09/08/2014 02:07 pm ET Updated Nov 08, 2014

Metal Music, First Amendment Under Attack: Man Jailed for Posting Exodus Lyrics

In a country where the First Amendment supposedly protects freedom of speech from government censorship, can simply posting entertainment-based song lyrics by a well-established music group on your Facebook page be a crime and get you locked up behind bars? Sadly, the answer is yes - and not just when it comes to posting violent-themed rap lyrics, but also those of metal bands.

James Evans of Muhlenberg County, Kentucky, was arrested and tossed in jail late last month for allegedly making terroristic threats and supposedly threatening to kill students at a school when he posted lyrics by the metal band Exodus on his Facebook page, according to a Sept. 2 report by WFIE 14 News in Evansville, Indiana.

The lyrics in question, which are from a song called "Class Dismissed", are:

Student bodies lying dead in the halls, a blood splattered treatise of hate. Class dismissed is my hypothesis, gun fire ends in debate.

For posting that, the 31-year-old Evans spent eight days in the slammer, before finally being released on Sept. 3, according to another WFIE report.

In a Sept. 4 press release, Exodus states that it "does not promote or condone terrorists, threats or bullying. That being said, the band is somewhat baffled by the fact that this man [is] being charged for what seems against his First Amendment rights of freedom of speech."

"The idea that an individual in this great country of ours could be arrested for simply posting lyrics to a song is something I never believed could happen in a free society," added Gary Holt, the band's guitarist, in the press release.

The song in question, Holt explains, "was written as a view through the eyes of a madman and in no way endorses that kind of fucked up behavior. It was the Virginia Tech massacre perpetrated by Seung-Hui Cho that was the subject and inspiration to write the song."

Call it another case of a zero-tolerance policy for making any reference to school-place violence making zero commonsense. And call it yet another uninformed, heavy-handed response from government officials who apparently didn't bother to do their musical homework before making the arrest.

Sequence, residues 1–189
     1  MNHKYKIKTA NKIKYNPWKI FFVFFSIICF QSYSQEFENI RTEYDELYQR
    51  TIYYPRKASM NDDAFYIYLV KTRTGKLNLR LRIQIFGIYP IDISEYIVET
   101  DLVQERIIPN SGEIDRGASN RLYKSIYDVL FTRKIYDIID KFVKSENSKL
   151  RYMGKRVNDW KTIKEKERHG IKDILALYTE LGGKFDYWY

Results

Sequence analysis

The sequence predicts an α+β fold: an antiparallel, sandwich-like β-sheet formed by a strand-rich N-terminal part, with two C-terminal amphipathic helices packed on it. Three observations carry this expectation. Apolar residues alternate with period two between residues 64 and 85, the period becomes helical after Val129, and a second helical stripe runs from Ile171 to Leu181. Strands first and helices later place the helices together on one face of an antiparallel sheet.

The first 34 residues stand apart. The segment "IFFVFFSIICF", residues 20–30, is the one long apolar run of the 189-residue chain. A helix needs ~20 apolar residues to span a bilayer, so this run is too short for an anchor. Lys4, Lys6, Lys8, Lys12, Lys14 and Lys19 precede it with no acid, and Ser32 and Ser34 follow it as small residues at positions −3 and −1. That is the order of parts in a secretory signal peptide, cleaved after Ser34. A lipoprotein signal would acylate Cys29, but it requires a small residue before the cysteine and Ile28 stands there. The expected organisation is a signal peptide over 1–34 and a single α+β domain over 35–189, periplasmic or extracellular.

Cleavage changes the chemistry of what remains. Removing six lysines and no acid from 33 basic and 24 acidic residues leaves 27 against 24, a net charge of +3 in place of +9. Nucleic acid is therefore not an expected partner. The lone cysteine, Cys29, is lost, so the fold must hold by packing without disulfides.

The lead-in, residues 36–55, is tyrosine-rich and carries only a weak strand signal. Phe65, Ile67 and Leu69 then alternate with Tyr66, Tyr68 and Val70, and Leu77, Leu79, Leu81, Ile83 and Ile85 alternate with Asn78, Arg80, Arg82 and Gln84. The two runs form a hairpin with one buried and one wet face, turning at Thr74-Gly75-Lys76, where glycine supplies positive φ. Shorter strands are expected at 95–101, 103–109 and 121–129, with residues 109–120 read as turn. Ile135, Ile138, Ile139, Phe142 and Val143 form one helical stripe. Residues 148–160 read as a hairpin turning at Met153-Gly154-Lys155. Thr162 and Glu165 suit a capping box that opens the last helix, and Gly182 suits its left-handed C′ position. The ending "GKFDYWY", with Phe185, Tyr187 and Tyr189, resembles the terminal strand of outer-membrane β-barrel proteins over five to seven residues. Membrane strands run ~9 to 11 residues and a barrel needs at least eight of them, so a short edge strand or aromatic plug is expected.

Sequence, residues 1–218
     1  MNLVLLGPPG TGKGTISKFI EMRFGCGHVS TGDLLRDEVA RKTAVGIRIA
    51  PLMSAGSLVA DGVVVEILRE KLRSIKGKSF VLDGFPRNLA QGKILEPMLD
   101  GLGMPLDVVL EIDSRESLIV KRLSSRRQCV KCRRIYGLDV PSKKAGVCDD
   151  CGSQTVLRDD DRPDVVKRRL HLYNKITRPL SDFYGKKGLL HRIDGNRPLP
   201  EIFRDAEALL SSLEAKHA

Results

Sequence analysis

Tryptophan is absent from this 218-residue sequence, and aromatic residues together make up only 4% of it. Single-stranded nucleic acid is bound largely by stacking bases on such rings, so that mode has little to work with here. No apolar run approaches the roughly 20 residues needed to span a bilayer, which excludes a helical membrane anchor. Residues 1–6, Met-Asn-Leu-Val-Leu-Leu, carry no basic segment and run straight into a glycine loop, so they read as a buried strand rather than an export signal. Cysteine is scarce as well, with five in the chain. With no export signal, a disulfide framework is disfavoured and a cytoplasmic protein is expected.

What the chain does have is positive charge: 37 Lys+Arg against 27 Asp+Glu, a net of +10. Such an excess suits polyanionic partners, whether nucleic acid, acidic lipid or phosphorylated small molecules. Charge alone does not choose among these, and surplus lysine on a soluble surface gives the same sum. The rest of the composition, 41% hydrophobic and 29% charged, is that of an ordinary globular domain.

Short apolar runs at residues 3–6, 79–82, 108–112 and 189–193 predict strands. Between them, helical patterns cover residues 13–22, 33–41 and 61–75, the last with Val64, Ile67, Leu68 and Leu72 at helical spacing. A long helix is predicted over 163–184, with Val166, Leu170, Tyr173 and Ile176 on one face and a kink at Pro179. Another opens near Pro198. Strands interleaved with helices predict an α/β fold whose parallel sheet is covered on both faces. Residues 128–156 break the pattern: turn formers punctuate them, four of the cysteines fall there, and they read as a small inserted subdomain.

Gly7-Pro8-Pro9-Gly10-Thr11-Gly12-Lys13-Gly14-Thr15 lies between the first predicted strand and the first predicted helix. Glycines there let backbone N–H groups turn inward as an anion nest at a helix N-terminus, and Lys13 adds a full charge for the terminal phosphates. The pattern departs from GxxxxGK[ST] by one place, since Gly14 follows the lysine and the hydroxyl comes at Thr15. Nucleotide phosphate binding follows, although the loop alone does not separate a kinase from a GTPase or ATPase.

As Evans told WFIE 14 News reporter Jess Raatz upon his release from jail:

It's nonsense. I feel like my civil rights have been violated. You throw First Amendment freedom of speech out the window. Even all the guys I was in the cell with they thought it was nonsense themselves. I had several officials tell me it was nonsense that there was no reason why I should have even been here.

Unless there is something more behind Evans's actions that we don't yet know about, then he clearly is correct.

The United States Supreme Court emphasized in a 1989 decision called Ward vs. Rock Against Racism that "music, as a form of expression and communication, is protected under the First Amendment." The nation's high court added that:

Music is one of the oldest forms of human expression. From Plato's discourse in the Republic to the totalitarian state in our own times, rulers have known its capacity to appeal to the intellect and to the emotions, and have censored musical compositions to serve the needs of the state.

The FBI once even opened up a file on the barely intelligible frat-anthem Louie, Louie by the Kingsmen to determine if it was obscene. They determined it wasn't.

The arrest of James Evans for posting the lyrics of a metal band comes at a time when the U.S. Supreme Court has agreed to hear a case involving alleged threats of violence conveyed in another often criticized musical genre, namely rap. The Court will hear oral argument in that case, Elonis v. United States, in December.

Ultimately, no matter what variety it is, music finds itself caught squarely these days in the crosshairs of law enforcement officials, with the First Amendment ready to be sacrificed.